A Second Chance for Kerry in '08
Yepsen: A second go for Kerry? He'd need to convince Iowans why
By DAVID YEPSEN
REGISTER POLITICAL COLUMNIST
October 11, 2005
So, should John Kerry run for president again?
It appears Iowa Democrats may be asked to answer that question. The Massachusetts senator was back in the state on Sunday doing appearances and looking as if he were ready for another bid for the White House in 2008.
The conventional wisdom is that Kerry shouldn't do it. He's had his chance and muffed it. He's so scarred by the 2004 campaign, he'd still be damaged goods in 2008. A Kerry candidacy would be a rehash of the past, just as it would be if Al Gore ran again or if Sen. Hillary Rodham Clinton runs. Instead, goes this logic, Democrats should look for a fresher face.
As with all conventional wisdom, there's some truth to it. And as with all conventional wisdom, it may be wrong. Presidencies are won by risk-takers who beat conventional wisdoms.
Kerry's advice to Iowa Democrats this week could easily apply to himself: "You can't sit around and cry in your teacup and lament about it. You've got to take that frustration and, in some places anger, and channel it into doing what we know how to do."
If he runs again, Kerry would have an uphill struggle. Democrats haven't given a losing presidential nominee another shot at the White House since they renominated Adlai Stevenson in 1956. He lost in a landslide to President Eisenhower.
The senator was having no public talk of another run in 2008, but you could tell by his schedule he was sending a "keep me in mind" signal to activist Iowa Democrats on Sunday. He made appearances in the party strongholds of Des Moines, Cedar Rapids and Iowa City.
You also could tell he'd learned some lessons from 2004. His Des Moines speech was only about 15 minutes long, not one of those wonkish lectures voters had to endure during the campaign. He also slipped in a little discussion of religious faith, something Democrats learned they need to do.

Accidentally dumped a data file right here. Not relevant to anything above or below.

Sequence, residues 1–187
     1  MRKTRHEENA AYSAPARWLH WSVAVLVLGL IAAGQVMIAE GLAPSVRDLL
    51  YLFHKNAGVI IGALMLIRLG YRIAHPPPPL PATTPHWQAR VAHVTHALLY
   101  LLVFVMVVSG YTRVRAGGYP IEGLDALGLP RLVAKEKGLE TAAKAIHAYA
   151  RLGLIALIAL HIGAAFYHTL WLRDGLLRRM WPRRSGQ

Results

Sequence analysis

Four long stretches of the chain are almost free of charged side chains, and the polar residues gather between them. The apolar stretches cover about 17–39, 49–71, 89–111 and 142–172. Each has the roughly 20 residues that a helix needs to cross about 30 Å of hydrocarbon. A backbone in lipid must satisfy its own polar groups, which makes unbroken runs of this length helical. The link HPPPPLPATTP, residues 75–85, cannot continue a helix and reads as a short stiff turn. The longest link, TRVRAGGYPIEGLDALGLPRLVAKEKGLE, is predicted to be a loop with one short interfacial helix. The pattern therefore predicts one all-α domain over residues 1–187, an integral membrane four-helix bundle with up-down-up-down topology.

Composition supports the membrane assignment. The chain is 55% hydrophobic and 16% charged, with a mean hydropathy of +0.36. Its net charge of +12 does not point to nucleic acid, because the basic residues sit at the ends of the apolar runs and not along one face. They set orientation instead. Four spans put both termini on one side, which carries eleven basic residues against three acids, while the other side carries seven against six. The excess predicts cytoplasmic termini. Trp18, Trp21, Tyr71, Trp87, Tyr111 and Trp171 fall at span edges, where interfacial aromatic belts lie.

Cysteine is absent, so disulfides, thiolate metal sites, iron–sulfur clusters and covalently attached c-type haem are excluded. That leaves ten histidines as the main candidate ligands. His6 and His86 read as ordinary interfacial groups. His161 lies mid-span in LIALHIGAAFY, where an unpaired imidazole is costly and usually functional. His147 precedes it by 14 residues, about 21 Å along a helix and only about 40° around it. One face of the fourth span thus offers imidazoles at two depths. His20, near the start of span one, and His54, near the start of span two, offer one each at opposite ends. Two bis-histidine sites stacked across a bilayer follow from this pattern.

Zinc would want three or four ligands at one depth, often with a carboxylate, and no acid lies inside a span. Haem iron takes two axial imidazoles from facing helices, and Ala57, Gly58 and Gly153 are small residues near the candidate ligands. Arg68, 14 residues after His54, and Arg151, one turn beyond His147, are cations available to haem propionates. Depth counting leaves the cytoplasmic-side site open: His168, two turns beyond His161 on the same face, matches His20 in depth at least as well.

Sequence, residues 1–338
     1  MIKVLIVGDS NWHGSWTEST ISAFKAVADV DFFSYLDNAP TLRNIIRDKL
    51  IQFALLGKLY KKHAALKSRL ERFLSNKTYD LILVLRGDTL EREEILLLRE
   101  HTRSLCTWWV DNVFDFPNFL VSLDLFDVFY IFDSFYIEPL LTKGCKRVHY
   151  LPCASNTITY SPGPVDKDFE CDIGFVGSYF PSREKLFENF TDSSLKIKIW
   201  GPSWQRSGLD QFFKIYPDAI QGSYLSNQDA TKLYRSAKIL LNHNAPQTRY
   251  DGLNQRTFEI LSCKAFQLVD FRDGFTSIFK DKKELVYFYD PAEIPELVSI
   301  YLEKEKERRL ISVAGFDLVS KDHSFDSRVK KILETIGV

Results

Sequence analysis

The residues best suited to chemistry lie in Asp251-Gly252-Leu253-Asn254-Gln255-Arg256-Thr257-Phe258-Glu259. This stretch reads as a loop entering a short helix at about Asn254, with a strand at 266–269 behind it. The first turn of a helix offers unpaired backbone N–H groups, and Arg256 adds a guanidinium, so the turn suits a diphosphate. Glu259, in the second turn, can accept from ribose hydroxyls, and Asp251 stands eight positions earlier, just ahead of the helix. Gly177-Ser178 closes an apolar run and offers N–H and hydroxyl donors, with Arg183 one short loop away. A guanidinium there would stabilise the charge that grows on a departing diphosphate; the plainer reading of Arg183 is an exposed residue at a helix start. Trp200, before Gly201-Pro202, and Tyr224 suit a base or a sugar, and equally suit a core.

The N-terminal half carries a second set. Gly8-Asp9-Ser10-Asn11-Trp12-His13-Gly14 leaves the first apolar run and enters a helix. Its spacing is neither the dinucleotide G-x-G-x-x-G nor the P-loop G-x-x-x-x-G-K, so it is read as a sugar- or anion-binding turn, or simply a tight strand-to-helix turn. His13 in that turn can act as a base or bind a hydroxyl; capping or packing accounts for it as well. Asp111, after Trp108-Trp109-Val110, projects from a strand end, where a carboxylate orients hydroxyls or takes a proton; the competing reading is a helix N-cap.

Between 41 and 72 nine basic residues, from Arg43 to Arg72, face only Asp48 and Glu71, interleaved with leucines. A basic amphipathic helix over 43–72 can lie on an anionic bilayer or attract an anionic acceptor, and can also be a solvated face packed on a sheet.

What's the case for another Kerry run?
• He came close, oh so close, in 2004. Bush got 51 percent. Kerry got 48 percent. Only 120,000 more votes in Ohio, and you wouldn't be reading this column.
Kerry reminded his Des Moines audience of his strong showing by saying: "Remember, we won 10 million more votes than we've ever won in a presidential race in the history of the country. We actually exceeded our targets in every single precinct. Trouble is, they learned how to get out the vote, too, which means we just have to get out and find more votes."
Considering Kerry was running against a wartime president, someone Americans are always reluctant to boot from office, he didn't do that poorly.
• Kerry's been vetted. He's been through the crucible once, and the lessons he learned would be useful again.
Media people, opponents and voters have all had a chance to study the man. Many saw him as presidential material. He did well in the debates. The smear attacks on him in 2004 will be old news in 2008. And considering how poorly Bush has been doing of late, Kerry looks better by the day.
• He was a classy loser. Unlike Al Gore, who skulked off to grow a beard, Kerry withdrew quickly and honorably. He set about tending his duties in the U.S. Senate, giving speeches and trying to help fellow Democrats win elections in 2006, which is shaping up to be a good year for them.
• Kerry understands why he lost. Strategists in his camp say if he does run again, the campaign will be more nimble in responding to attacks than it was in 2004. He won't be isolated from key Democrats seeking to offer advice.
Also, Democrats hindered Kerry by nominating him a month before Republicans re-nominated Bush. That made Kerry the official candidate of his party before Bush became the official candidate of his, which limited Kerry's ability to spend money to respond to the attacks coming from the other side. It's a mistake Democrats won't repeat.
If Kerry wants to run again in 2008, he'll have to discuss these things publicly with Iowa Democrats. They gave him an important victory in the 2004 caucuses, largely on the strength of his argument that he was the most electable of their choices.
Since he didn't win, they'll need to hear just what he'd do differently if they gave him another chance.